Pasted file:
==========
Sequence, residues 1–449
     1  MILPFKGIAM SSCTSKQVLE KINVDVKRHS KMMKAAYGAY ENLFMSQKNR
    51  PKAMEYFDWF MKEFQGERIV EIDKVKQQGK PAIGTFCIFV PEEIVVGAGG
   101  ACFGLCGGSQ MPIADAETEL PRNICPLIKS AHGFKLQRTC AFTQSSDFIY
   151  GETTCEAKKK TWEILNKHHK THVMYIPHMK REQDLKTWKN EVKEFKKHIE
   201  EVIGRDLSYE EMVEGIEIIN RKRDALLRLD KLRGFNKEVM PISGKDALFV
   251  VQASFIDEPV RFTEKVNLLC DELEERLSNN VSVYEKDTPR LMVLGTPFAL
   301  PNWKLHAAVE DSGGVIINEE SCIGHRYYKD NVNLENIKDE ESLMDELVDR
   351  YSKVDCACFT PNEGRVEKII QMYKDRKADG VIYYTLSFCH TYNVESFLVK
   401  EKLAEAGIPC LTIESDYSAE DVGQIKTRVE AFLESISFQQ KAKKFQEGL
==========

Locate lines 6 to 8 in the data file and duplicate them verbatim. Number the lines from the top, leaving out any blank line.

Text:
   201  EVIGRDLSYE EMVEGIEIIN RKRDALLRLD KLRGFNKEVM PISGKDALFV
   251  VQASFIDEPV RFTEKVNLLC DELEERLSNN VSVYEKDTPR LMVLGTPFAL
   301  PNWKLHAAVE DSGGVIINEE SCIGHRYYKD NVNLENIKDE ESLMDELVDR